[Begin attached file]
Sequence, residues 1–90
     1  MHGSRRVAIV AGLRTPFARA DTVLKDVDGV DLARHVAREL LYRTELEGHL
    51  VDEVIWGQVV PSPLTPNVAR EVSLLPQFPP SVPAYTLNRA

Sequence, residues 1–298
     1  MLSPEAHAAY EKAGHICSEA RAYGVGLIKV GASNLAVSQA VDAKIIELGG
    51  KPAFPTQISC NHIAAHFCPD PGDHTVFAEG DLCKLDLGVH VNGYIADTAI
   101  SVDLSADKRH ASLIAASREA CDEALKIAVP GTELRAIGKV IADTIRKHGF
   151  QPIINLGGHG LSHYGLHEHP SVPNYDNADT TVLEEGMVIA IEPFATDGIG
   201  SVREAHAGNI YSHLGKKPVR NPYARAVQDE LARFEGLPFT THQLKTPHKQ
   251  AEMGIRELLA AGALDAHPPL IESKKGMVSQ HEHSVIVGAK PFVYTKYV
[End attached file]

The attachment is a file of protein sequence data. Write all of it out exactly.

Sequence, residues 1–90
     1  MHGSRRVAIV AGLRTPFARA DTVLKDVDGV DLARHVAREL LYRTELEGHL
    51  VDEVIWGQVV PSPLTPNVAR EVSLLPQFPP SVPAYTLNRA

Sequence, residues 1–298
     1  MLSPEAHAAY EKAGHICSEA RAYGVGLIKV GASNLAVSQA VDAKIIELGG
    51  KPAFPTQISC NHIAAHFCPD PGDHTVFAEG DLCKLDLGVH VNGYIADTAI
   101  SVDLSADKRH ASLIAASREA CDEALKIAVP GTELRAIGKV IADTIRKHGF
   151  QPIINLGGHG LSHYGLHEHP SVPNYDNADT TVLEEGMVIA IEPFATDGIG
   201  SVREAHAGNI YSHLGKKPVR NPYARAVQDE LARFEGLPFT THQLKTPHKQ
   251  AEMGIRELLA AGALDAHPPL IESKKGMVSQ HEHSVIVGAK PFVYTKYV